In a nutshell: Cayman Islands' economic substance law
05 May 2021
The Cayman Islands ("Cayman") is part of a global effort to establish an international standard for tax residence of entities doing business in a jurisdiction to avoid the Harmful Tax Practice of Base Erosion and Profit Shifting. Cayman (like many other international financial centres) has put in place legislation requiring certain entities which are incorporated or registered in Cayman to demonstrate that they have sufficient 'economic substance' in Cayman to show that they should not be taxed elsewhere.
The International Tax Co-operation (Economic Substance) Act (2021 Revision) (the "ES Act") has applied from 1 January 2019 to all newly formed entities which are in scope of the ES Act and from 1 July 2019 to entities formed prior to 1 January 2019 which are in scope. There are Regulations and guidance that accompany the ES Act.
Which entities are subject to the ES Act?
Any company (incorporated or registered as an overseas company in Cayman) which is not a "domestic company" (e.g. carrying on business only in Cayman or a Not for Profit) or Limited Liability Partnership which is registered in Cayman, and which carries on any of the following 'Relevant Activities':
- banking business;
- insurance business;
- fund management business;
- finance and leasing business (which, among other activities, includes the provision of finance to third parties or affiliates);
- headquarters business;
- shipping business;
- holding company business (i.e. only pure equity holdings not holdings of another kind of property e.g. real estate or private vessels or aircraft);
- intellectual property holding business; or
- distribution and service centre business (which, among other activities, includes the provision of services to affiliates).
Definitions of each Relevant Activity are provided in the ES Act.
What do such entities need to show?
Entities subject to the ES Act must, in respect of their Relevant Activities:
- be directed and managed in Cayman;
- conduct Core Income Generating Activities in Cayman; and
- have adequate employees, expenditure and physical assets in Cayman.
When is a company 'directed and managed' in Cayman?
A company will be directed and managed in Cayman in an appropriate manner if:
- the board's members have adequate knowledge and expertise;
- it meets in Cayman with adequate frequency, having regard to the amount of decision making required (it is not expected that all or a majority of board meetings will be held in Cayman);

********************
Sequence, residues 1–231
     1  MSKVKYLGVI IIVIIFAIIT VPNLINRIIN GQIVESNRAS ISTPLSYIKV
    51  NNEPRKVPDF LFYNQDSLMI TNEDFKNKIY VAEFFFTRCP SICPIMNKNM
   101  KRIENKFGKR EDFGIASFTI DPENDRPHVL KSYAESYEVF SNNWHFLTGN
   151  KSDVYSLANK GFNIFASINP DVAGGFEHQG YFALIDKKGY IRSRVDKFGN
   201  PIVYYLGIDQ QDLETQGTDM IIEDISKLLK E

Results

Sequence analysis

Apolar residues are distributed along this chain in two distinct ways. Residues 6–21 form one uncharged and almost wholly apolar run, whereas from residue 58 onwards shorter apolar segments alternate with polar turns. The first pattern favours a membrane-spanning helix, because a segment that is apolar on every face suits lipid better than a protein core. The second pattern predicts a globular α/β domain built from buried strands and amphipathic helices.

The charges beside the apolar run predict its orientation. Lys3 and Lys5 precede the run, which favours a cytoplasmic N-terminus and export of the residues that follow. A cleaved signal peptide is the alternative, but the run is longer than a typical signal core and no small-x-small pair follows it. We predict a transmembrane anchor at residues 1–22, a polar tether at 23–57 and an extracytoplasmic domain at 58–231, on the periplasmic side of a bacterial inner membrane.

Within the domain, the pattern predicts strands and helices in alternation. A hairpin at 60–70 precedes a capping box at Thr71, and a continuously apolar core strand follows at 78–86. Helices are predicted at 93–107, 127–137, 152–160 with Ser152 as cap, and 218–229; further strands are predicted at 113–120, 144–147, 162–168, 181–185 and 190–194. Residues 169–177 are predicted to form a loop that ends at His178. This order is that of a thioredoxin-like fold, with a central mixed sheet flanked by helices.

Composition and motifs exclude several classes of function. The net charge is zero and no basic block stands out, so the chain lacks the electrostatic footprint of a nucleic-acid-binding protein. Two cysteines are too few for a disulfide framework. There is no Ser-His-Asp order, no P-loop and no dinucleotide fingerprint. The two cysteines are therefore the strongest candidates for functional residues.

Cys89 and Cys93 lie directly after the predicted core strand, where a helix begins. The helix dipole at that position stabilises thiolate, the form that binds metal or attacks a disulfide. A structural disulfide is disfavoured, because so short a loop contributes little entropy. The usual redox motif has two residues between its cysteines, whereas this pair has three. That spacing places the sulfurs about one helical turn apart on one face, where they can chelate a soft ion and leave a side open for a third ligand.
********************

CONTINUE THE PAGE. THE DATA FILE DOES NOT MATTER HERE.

- a quorum is physically present at each board meeting in Cayman;
- strategic decisions of the company are made in those meetings with minutes recorded; and
- minutes and other records of the company should be kept at the office in Cayman.
What are 'Core Income Generating Activities'?
Examples of Core Income Generating Activities ("CIGA") are provided in the ES Act for each of the Relevant Activities. The CIGA are considered to be the key essential and valuable activities that generate the income of the company and these activities must be carried out in Cayman. However, non CIGA activity such as back office functions, expert professional advice or specialist services can be obtained elsewhere. A company can outsource its CIGA in Cayman so long as it continues to monitor and control the outsourced activities.
How can I tell if an entity has adequate employees, expenditure and physical assets?
This needs to be assessed on a case by case basis depending on the activities of the entity and how its CIGA arises. Directors should consider these factors, make a determination in good faith and ensure there are records to demonstrate the basis and operation of that determination.
Are there any exceptions?
Entities which are tax resident outside of Cayman do not have to have, or report on, economic substance but do have to file an annual notification and form proving their tax residence.
Entities which carry on the following activities are subject to a slightly different regime:
- Holding company business: entities are only holding companies if they are a pure equity holding business, in which case they need only show they have complied with the Cayman Companies Act (2021 Revision) and have premises and human resources adequate for the purpose of holding equities in other companies.
- Intellectual property holding business: entities which hold, exploit or derive income from intellectual property in a manner defined as "high risk" are automatically deemed non-compliant with the substance requirements unless they provide additional evidence of compliance. The details of these companies are also automatically exchanged with the relevant foreign tax authorities.
How is compliance with the ES Act monitored?
Compliance with the ES Act is monitored and enforced by the Cayman Tax Information Authority. Entities subject to the ES Act need to set out details of their compliance in an annual report as well as complete a section in the Annual Return on whether they are subject to the ES Act. Failure to comply with the ES Act will result in fines of up to US$100,000 and, potentially, in a non-compliant company being struck off. The details of non-compliant companies will also be disclosed to the relevant foreign tax authorities.
What do I do now and where can I find out more?
Please refer to Bedell Cristin's detailed economic substance briefings and 'top tips', available on our website, and contact any of our specialists if you would like more information or advice. Cayman's ES Act and guidance can be accessed here.
Location: Cayman Islands
Related Service: Economic Substance
Partner | Cayman Islands
Partner | Cayman Islands | BVI